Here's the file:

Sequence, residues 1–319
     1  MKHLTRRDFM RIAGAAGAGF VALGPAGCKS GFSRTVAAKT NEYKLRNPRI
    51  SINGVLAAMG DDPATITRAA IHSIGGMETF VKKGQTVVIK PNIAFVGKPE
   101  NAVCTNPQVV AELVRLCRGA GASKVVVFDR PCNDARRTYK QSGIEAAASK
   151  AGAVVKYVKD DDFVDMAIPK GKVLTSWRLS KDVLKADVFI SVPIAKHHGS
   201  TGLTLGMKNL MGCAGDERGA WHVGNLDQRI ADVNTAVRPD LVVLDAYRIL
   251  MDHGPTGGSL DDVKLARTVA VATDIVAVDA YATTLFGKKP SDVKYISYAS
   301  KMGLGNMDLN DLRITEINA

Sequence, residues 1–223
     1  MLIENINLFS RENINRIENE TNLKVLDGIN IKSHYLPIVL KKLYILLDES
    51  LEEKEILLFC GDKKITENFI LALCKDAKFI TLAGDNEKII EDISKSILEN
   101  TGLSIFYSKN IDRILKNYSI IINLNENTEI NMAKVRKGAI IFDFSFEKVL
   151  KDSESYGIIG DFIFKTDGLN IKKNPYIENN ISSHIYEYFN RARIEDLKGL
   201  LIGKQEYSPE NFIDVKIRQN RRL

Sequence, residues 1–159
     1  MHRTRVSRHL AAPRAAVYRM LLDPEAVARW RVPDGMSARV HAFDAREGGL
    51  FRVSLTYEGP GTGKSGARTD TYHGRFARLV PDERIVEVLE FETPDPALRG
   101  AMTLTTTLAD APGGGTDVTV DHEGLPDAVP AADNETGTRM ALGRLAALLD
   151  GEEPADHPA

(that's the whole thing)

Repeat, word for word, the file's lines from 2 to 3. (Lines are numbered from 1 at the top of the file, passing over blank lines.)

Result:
     1  MKHLTRRDFM RIAGAAGAGF VALGPAGCKS GFSRTVAAKT NEYKLRNPRI
    51  SINGVLAAMG DDPATITRAA IHSIGGMETF VKKGQTVVIK PNIAFVGKPE